Morning Brief

What to watch today: Dow nears record, Trump's new Fed picks, and Tesla shatters records


U.S. stock futures were higher this morning, indicating added gains at the Wall Street open. The Dow stands less than 42 points away from its October record close. The S&P 500 closed Tuesday at another record. The Nasdaq rally puts it less than 1% away from its May all-time high close. (CNBC)

* Cramer: Tech stocks are overvalued, but 'it's not like we've gone crazy' (CNBC)

Ahead of the Fourth of July holiday, the stock market closes at 1 p.m. ET today. "Morning Squawk" will be back Friday when the government is out with its June employment report. ADP issues its private payrolls data for June at 8:15 a.m ET. (CNBC)

* 10-year Treasury yield drops to lowest level since 2016, dipping further below 2% (CNBC)

Today's economic calendar also includes the government's international trade figures for May at 8:30 a.m. ET. The ISM's nonmanufacturing index June and the government's May factory orders are both released 10 a.m. ET. There are no major companies reporting earnings today.

* Weekly mortgage applications stall as rates take a respite (CNBC)

Shares of Tesla were up about 7% in premarket trading after the electric auto maker said it shattered its previous production and delivery records during the second quarter, soundly beating estimates. Tesla also hinted at a strong third quarter, saying it's entering the period with a backlog of orders. (CNBC)


President Donald Trump announced two new Fed picks, including Judy Shelton, an economic adviser to the president during his 2016 campaign. Shelton's unorthodox monetary beliefs, such as supporting a return to the gold standard, will likely draw questions from lawmakers. (CNBC)

* IMF's Christine Lagarde nominated for top job at European Central Bank (CNBC)

The House Ways and Means Committee sued the Treasury Department and the IRS to get Trump's tax returns. The legal action shows the Democrat-led panel following through on its threat from months earlier, when Treasury Secretary Steven Mnuchin and IRS chief Charles Rettig defied subpoenas. (CNBC)

Homeland Security's independent watchdog reported that overcrowded, dirty conditions at migrant holding centers are more widespread than initially revealed. The findings detailed standing-room-only cells, people clamoring for release and no way to clean clothes. (NY Times)

The Trump administration said it will print the 2020 census without a question about citizenship, bringing to an apparent close a contentious legal battle over that aspect of the decennial survey. The announcement comes after the Supreme Court effectively blocked the addition of the question last week. (CNBC)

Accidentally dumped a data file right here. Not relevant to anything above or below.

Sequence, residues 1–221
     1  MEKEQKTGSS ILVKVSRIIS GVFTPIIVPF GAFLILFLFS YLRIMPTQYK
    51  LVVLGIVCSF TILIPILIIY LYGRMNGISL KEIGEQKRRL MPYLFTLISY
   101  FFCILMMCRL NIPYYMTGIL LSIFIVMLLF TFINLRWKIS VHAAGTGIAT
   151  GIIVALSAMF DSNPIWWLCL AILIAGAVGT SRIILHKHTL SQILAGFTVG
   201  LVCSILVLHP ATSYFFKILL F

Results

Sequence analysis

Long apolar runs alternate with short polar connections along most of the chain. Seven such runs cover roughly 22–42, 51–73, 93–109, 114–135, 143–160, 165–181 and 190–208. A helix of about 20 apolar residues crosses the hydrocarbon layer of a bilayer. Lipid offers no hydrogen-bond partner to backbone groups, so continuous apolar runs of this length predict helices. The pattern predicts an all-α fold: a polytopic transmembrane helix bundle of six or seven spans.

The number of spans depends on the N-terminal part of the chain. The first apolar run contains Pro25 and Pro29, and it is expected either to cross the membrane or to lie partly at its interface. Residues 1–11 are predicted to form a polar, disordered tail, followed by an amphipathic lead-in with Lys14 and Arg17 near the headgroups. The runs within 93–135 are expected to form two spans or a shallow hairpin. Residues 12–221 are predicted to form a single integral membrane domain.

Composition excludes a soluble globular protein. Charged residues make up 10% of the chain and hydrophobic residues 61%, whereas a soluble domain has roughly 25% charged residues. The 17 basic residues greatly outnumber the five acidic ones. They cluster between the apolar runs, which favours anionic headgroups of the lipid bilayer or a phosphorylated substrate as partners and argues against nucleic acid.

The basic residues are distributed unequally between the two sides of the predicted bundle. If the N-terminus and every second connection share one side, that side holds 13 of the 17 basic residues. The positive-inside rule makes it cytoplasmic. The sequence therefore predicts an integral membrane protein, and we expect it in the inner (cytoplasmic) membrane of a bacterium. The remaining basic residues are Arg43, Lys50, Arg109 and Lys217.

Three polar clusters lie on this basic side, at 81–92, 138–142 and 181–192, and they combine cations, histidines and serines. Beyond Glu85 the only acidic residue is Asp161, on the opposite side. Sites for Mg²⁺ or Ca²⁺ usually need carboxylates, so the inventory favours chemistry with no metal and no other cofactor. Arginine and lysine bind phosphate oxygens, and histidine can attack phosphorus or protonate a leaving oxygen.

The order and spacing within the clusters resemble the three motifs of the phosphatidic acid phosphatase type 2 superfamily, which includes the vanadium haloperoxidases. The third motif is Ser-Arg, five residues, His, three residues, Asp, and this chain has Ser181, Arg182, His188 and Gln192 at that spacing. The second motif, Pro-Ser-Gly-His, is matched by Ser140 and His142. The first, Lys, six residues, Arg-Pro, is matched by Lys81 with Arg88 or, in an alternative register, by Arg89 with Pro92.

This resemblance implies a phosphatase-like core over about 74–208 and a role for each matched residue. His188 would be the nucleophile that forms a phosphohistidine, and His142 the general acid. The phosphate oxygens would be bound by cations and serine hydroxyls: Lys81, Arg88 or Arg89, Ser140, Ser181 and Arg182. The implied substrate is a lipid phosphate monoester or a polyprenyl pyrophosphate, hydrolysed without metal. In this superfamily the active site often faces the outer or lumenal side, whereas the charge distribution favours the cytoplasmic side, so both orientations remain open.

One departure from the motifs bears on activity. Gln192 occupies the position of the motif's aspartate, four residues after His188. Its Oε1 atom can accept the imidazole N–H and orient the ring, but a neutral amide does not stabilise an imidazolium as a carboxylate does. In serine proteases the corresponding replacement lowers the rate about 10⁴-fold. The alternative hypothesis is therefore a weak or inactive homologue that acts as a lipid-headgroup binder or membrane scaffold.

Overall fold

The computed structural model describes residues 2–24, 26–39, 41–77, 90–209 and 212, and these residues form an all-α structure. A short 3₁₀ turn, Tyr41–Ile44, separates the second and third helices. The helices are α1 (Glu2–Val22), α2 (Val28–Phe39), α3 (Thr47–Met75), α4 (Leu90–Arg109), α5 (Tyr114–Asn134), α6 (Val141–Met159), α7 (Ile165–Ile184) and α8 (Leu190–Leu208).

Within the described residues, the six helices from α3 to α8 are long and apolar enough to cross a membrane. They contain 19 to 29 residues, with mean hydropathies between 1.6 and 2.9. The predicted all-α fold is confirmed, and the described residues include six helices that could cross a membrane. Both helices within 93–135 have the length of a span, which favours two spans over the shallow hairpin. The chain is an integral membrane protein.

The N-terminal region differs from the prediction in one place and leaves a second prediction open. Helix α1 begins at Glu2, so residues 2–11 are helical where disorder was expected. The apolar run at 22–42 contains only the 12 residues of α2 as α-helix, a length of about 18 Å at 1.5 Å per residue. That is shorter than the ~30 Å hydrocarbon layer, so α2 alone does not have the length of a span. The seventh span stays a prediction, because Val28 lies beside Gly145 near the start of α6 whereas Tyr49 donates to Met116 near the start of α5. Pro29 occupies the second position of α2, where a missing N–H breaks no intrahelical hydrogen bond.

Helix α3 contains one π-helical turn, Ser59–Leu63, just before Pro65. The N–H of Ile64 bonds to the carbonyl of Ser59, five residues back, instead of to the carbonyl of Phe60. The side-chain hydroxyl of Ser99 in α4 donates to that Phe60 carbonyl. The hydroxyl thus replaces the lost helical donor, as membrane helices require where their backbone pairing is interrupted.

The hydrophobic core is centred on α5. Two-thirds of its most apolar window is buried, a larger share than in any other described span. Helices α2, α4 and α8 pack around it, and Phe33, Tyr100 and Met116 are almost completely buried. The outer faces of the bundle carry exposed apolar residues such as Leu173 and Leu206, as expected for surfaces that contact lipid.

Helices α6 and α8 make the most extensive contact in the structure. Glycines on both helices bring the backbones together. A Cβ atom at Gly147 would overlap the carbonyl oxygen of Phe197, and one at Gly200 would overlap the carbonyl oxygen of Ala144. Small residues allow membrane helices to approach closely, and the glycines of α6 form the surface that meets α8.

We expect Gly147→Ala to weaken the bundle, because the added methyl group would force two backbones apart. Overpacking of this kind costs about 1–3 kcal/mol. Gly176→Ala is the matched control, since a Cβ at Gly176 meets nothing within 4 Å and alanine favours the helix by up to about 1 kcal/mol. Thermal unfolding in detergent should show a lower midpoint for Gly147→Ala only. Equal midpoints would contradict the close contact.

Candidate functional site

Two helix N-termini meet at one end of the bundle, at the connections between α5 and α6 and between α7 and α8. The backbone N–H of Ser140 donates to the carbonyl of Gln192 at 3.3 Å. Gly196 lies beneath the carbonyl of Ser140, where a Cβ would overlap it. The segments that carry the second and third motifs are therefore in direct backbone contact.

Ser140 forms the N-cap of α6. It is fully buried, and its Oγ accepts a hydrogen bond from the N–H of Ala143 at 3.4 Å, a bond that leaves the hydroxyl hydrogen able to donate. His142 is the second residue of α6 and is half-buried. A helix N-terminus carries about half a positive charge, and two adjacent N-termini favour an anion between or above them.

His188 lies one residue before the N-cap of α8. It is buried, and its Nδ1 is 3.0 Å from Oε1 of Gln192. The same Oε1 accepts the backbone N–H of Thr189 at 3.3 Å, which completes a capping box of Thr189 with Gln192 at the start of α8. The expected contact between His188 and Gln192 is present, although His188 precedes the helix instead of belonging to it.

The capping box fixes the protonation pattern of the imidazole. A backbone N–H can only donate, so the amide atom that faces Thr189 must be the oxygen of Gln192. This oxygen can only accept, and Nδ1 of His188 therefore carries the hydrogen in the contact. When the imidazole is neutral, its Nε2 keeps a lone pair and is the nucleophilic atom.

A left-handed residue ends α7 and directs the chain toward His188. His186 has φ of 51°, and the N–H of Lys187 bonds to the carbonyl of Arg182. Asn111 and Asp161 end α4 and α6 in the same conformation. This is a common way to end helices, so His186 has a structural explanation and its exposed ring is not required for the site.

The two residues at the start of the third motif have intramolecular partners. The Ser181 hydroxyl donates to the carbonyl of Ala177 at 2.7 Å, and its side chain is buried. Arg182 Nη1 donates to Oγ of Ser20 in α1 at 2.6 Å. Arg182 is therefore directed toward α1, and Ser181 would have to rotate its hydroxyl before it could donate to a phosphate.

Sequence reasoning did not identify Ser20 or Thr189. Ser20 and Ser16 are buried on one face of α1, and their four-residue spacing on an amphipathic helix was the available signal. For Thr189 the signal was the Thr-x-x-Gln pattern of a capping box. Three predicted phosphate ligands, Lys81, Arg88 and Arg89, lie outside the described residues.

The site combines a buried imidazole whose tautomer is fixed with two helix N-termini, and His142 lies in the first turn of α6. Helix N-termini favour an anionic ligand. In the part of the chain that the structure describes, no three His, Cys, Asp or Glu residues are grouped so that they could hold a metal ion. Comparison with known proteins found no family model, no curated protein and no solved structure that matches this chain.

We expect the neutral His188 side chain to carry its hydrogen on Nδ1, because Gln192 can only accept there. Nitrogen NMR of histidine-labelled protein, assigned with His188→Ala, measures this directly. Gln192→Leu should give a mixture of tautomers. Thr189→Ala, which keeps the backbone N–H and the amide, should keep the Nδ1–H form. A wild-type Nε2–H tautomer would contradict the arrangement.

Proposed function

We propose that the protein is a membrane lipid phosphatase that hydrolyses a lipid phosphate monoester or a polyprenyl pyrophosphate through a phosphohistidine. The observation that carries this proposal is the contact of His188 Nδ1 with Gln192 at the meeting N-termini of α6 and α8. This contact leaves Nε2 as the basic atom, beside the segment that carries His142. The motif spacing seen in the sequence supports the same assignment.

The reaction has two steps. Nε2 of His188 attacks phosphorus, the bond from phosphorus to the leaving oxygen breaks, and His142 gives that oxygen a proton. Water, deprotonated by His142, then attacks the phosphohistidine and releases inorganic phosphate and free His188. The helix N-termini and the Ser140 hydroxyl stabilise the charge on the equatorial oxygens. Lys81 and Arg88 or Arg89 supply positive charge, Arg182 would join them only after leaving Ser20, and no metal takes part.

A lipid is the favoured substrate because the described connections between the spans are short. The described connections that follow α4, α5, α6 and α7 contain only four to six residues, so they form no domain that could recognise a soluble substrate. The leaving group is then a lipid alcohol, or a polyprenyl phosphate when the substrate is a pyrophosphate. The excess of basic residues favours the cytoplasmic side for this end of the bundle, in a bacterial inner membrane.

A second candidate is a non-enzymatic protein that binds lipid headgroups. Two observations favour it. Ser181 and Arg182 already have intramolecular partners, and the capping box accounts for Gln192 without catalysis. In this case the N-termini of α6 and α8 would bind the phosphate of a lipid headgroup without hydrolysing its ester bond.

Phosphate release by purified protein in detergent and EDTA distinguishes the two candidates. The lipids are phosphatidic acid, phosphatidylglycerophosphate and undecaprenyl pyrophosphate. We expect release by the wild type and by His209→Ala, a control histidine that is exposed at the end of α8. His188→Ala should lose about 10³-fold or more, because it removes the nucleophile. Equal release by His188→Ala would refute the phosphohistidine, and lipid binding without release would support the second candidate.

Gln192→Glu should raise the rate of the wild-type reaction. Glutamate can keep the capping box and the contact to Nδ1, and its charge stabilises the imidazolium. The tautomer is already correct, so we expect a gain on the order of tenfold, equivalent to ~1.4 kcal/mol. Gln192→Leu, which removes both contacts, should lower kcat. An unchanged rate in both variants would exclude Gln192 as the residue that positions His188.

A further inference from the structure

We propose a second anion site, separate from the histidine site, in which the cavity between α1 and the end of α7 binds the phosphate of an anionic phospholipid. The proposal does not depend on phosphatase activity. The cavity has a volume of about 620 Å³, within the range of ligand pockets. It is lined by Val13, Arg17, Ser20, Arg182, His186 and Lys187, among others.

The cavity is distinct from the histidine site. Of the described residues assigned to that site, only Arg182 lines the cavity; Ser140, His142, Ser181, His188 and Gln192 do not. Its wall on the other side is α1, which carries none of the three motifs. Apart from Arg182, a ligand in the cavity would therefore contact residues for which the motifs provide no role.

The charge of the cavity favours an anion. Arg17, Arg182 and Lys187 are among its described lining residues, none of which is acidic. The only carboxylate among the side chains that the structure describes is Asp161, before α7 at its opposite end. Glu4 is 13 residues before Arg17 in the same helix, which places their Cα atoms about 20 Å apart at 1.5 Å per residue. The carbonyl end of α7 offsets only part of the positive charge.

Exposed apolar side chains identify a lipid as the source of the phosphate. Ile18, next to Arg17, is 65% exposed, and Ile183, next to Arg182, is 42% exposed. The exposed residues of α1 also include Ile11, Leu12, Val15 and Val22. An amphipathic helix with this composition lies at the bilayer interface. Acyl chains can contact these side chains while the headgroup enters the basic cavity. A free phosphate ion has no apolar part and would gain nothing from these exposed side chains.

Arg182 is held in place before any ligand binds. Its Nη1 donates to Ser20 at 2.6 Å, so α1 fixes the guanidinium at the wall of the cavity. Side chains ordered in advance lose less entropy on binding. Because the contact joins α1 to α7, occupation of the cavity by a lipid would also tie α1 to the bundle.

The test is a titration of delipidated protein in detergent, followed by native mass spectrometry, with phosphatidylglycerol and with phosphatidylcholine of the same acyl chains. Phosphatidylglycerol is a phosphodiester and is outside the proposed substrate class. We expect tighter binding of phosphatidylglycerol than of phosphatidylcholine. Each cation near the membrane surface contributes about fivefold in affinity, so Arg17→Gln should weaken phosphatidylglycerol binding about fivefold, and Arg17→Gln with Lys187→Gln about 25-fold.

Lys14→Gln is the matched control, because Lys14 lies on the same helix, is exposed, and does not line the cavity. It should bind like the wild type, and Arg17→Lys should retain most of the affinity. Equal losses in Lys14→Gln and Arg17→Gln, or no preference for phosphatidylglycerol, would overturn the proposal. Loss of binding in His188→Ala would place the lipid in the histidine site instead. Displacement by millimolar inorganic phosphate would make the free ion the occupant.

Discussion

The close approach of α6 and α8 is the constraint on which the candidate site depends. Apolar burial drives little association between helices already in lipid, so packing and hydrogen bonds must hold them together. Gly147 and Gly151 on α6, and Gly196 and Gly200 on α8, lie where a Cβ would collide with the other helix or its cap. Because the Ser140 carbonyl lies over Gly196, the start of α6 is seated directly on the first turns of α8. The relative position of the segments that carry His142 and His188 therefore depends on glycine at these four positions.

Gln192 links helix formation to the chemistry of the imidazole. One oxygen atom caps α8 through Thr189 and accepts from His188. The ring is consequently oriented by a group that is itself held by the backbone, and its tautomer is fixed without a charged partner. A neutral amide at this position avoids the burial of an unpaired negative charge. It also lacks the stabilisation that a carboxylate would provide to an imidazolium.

Trump has touted his meeting with Chinese President Xi Jinping at the weekend as "far better than expected," but several trade and investment experts said Beijing appears to have gained the upper hand. They pointed to concessions Trump made to China, including relief for Huawei while the two nations start talking again about a trade deal. (CNBC)

Iranian President Hassan Rouhani warned today that Tehran will take the "next step" and increase uranium enrichment this weekend to pass the cap set by the multi-nation nuclear agreement that Trump withdrew from. Iran has repeatedly threatened to increase enrichment unless it receives some relief from U.S. sanctions. (Washington Post)

Russian Energy Minister Alexander Novak said Iran is not the cause of instability in the Persian Gulf and that sanctions against the country are "unlawful." "As regards restrictions on Iranian exports, we support Iran and we believe that the sanctions are unlawful; they have not been approved by the UN," Novak said. (CNBC)

Researchers say they're one step closer to finding a potential cure for HIV after successfully eliminating the virus in living mice for the first time. Using a combination of CRISPR gene-editing technology and a therapeutic treatment called LASER ART, scientists said they erased HIV DNA from the genomes of animals in what they call an unprecedented study. (CNBC)

Lee Iacocca, who transformed the auto industry during a career that included saving Chrysler and launching the Ford Mustang, died Tuesday at the age of 94. He also engineered the purchase of struggling American Motors which brought the Jeep brand under the Chrysler umbrella. He also introduced the Chrysler minivan. (CNBC)


Shares of Symantec (SYMC) were surging about 20% in premarket trading after Bloomberg reported that chipmaker Broadcom (AVGO) is in advanced talks to acquire the struggling security software vendor.

For this year's Prime Day, Amazon (AMZN) is charging "additional funding" to certain grocery brands if sales of their promotional products result in a loss for the e-commerce giant.

Canadian cannabis producer Canopy Growth (CGC) said Bruce Linton will step down as co-chief executive officer, effective immediately. Mark Zekulin, who has been co-CEO with Linton, will help the board search for a new leader.


Without Megan Rapinoe, the U.S. women still found a pair of goals for the third game in a row to beat England 2-1, sending them to the World Cup finals. After scoring what proved to be the deciding goal, Alex Morgan trolled England by mimicking drinking tea, complete with her pinky out. (ESPN)

* Rapinoe, who missed World Cup semifinal with hamstring strain, plans to play in final (USA Today)

Americans know how to celebrate. On this year's 243rd anniversary of the adoption of the Declaration of Independence, American adults will spend about $1 billion on beer alone. That's roughly the same amount that is spent on fireworks, the majority of which are imported from China. (CNBC)

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